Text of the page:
When I was a child, few things were so essential to the identity of being a Dad than mowing the yard on Saturday. For a little boy emulating his father, this manly pursuit came second to only driving a truck and shaving with a razor.
Seeing my Dad mowing the lawn one hot Saturday when I was only a toddler inspired something like awe in me. To see him working so hard, likely clad in the Seventies Saturday uniform of cut-off jeans and a sweaty red T-Shirt, made me want to do something special for him. A drink of water to quench his thirst seemed to be perfect.
This may well have been my first attempt at retrieving a glass and filling it up with water from the faucet. Having come straight from playing in the mud by the garden, I childishly forgot to wash my little hands before grabbing a milk-blemished glass from the “dirty dish pile” our house, like every house, had by the sink.
Flipping the one-armed-bandit of a faucet distinctly to the hot side of lukewarm, I filled that glass to overflowing for Daddy. Wobbling out to him at the mower, shouting, I suppose, for him to stop and have a drink, I held up that rare present to him as it were a cup full of diamonds. At that point Dad had a decision to make.
Response vs. Reaction
A father must make daily decisions on what a child’s actions deserve in response. Teaching, stern advise, correction, pride, encouraging words, praise, laughter, punishment: these and hordes of others run the gamut of parental response options. But when our children take certain actions, often we respond too quickly. Perhaps we as fathers should not think as much about what we need to do in the situation, but rather, what our kids need from us.[quote_left]Every action of a child is deserving of the right response rather than the flippant reaction we often choose to make.[/quote_left]Every action of a child is deserving of the right response rather than the flippant reaction we often choose to make. Let’s be straight with each other: when our kids do stupid things it ticks us off, and we immediately think, “I need to pass along some sense to this kid.” But, as we intuitively know, when our kids do something, it often means they need something.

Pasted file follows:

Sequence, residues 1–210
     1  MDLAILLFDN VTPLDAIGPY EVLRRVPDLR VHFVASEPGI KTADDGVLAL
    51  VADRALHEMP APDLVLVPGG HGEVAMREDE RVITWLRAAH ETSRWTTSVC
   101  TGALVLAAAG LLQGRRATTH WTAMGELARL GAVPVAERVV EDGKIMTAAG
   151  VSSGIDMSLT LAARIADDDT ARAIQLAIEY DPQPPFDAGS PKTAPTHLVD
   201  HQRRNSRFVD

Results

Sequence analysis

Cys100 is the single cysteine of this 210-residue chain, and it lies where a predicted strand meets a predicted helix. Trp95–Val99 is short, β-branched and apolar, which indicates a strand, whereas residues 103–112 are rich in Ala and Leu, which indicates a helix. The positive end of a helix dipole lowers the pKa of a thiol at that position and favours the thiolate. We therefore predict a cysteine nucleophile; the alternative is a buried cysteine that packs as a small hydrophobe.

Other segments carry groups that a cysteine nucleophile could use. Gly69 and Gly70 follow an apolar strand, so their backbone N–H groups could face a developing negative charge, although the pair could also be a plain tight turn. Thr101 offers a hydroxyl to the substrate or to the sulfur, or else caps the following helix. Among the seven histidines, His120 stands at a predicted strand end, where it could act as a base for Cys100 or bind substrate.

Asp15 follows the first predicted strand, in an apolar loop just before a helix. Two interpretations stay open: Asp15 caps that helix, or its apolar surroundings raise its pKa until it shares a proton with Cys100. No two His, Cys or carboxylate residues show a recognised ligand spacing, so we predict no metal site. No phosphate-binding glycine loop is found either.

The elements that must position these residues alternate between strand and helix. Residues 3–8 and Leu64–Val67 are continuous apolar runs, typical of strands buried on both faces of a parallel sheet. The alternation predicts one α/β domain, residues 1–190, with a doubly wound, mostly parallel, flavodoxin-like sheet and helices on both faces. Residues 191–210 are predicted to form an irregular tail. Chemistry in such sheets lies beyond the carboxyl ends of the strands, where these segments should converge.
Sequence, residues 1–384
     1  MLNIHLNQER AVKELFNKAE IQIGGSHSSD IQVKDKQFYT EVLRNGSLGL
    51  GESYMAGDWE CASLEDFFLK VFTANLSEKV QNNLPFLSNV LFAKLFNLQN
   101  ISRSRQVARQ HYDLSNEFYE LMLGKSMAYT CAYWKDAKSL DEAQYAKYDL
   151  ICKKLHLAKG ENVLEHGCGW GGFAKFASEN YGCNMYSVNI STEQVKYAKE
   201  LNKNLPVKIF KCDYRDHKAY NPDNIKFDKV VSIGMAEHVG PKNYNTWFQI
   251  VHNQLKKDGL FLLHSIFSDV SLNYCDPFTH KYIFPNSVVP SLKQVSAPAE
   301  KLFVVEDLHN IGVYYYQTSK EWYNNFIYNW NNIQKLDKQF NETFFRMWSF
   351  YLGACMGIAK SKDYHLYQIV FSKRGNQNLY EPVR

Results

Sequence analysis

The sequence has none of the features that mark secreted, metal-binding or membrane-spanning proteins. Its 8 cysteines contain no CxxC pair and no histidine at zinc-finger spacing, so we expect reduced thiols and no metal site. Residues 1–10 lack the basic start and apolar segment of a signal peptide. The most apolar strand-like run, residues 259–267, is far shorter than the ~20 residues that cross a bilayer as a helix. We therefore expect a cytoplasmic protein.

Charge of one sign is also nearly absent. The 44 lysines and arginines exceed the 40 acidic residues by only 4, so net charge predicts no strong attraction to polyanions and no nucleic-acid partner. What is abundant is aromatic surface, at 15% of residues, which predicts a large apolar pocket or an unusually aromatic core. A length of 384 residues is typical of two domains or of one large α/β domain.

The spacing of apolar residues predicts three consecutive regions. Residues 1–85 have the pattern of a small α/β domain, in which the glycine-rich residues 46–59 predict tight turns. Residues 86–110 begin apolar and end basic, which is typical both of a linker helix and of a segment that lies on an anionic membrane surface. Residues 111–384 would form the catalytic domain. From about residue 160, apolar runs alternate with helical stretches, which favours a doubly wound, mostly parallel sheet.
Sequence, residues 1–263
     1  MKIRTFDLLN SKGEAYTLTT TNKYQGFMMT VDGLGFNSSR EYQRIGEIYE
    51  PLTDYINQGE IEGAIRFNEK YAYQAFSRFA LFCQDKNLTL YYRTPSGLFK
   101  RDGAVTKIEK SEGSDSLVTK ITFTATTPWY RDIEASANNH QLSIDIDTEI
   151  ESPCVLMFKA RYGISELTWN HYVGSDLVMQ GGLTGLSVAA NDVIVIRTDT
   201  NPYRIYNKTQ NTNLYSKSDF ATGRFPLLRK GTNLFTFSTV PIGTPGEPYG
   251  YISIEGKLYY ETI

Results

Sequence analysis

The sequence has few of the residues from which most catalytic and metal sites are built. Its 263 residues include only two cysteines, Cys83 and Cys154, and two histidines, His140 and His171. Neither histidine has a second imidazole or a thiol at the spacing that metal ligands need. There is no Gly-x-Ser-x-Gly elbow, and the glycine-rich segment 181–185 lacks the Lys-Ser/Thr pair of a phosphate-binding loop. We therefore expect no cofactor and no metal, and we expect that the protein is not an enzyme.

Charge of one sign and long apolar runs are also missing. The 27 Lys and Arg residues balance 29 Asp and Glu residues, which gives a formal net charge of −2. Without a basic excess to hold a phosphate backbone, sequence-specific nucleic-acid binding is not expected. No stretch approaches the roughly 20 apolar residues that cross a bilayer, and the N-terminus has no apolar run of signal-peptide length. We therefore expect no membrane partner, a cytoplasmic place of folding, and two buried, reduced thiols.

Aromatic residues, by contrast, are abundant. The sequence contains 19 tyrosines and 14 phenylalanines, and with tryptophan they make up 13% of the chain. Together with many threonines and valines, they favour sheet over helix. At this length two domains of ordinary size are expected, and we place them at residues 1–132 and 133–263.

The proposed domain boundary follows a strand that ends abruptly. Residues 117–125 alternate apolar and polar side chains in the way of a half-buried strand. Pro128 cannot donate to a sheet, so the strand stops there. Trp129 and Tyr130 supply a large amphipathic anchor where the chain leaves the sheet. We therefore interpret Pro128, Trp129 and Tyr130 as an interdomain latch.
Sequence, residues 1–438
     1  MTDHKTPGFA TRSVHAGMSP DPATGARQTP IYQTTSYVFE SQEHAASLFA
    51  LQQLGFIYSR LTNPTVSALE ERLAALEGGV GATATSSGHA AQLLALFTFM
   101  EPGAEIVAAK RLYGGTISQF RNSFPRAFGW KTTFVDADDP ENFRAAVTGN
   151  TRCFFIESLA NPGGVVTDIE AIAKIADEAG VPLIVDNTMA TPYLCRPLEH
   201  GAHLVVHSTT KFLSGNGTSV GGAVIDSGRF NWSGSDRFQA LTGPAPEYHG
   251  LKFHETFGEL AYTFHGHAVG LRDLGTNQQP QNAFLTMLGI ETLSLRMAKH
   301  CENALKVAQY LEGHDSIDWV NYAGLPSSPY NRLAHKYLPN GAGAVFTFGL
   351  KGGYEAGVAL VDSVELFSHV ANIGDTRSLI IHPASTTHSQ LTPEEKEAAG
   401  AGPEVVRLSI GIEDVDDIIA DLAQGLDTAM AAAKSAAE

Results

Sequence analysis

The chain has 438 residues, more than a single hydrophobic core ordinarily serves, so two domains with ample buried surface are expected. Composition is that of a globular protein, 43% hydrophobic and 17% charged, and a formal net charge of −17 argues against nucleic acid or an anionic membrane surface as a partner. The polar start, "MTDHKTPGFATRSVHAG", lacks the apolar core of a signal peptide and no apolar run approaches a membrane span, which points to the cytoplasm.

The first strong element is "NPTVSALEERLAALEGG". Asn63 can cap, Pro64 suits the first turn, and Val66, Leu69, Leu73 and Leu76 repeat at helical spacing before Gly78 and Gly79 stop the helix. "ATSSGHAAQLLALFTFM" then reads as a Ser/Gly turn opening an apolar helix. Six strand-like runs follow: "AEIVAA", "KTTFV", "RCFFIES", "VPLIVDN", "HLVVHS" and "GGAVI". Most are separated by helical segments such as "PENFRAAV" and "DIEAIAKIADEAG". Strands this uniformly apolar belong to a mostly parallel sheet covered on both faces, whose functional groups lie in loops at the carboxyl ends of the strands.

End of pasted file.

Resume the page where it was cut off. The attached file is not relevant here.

Reading what kids need is the greatest skill any Dad can develop. And giving them what they need in response is the greatest gift any Dad can offer. We must respond to them rather than simply reacting to them. When we are tempted to react too quickly, we should first “read what they need”, and then respond as we deep down know we can.
The Big Gulp
Looking down at his earnest son holding up that milky, dirt-floatie-filled, distinctly warm and cloudy mess of a drink, my father had one of these reaction/response decisions to make. In a moment that is telling of more than just the moment, Dad seemed to not even notice the glass. What he saw was his boy extending flawless kindness to his father. What he saw was his child’s desire to not only thank his Dad for his hard work, but also coming in great hopes of making him proud by bringing him a drink without any help in getting it or in knowing he needed it. What he saw was not what he needed to quench his own thirst, but what I needed to satisfy the Daddy’s-pride-shaped hole in my little chest. Dad grabbed that glass and knocked it back straight like only Dads seem to be able to. Whether he remained thirsty or gagging or grossed out I don’t know. What I do know is that experience explains what a Father can be to his child.
But that is also what God can be to us. We as the Children of God long to thank Him for His work. And I believe the desire is in us all—no matter how religious we are. We want to do our best somehow. We extend our milky, dirt-floatie-filled, lukewarm lives up because of who He is. When we do that he doesn’t even see the dirty glass of our lives, He sees in our eyes the love my Dad saw in mine. He sees what we need, not what He deserves.
Living that example of God’s nature is one of the greatest treasures a father stores up while raising his children. Kids always seem to tie their view of a Father in Heaven with their fathers here on earth. This is a huge responsibility, but a relatively simple one. We don’t need to be perfect as dads, but we can extend our own dirty glasses up to God and down to our kids. My bet is they won’t even notice our dirty glasses. They’ll be looking into our eyes just like we’re looking into theirs.
Questions to Ask Yourself or a Group of Other Dads:
- Do you have high expectations of yourself that you have trouble living up to?
- What kinds of things do your kids do that you have trouble reacting too quickly to?
- How could you respond to them instead?
- Do you have a cute story of something your kid did for you that made you proud?
- How are you connecting with God these days? Do you think He’ll accept you as you are?